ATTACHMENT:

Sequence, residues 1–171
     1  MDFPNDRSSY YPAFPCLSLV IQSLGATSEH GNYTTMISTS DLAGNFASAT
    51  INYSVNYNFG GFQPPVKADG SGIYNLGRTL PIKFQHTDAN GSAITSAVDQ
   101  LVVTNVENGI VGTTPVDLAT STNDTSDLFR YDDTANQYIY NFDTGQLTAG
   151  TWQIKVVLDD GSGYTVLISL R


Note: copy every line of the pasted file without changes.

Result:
Sequence, residues 1–171
     1  MDFPNDRSSY YPAFPCLSLV IQSLGATSEH GNYTTMISTS DLAGNFASAT
    51  INYSVNYNFG GFQPPVKADG SGIYNLGRTL PIKFQHTDAN GSAITSAVDQ
   101  LVVTNVENGI VGTTPVDLAT STNDTSDLFR YDDTANQYIY NFDTGQLTAG
   151  TWQIKVVLDD GSGYTVLISL R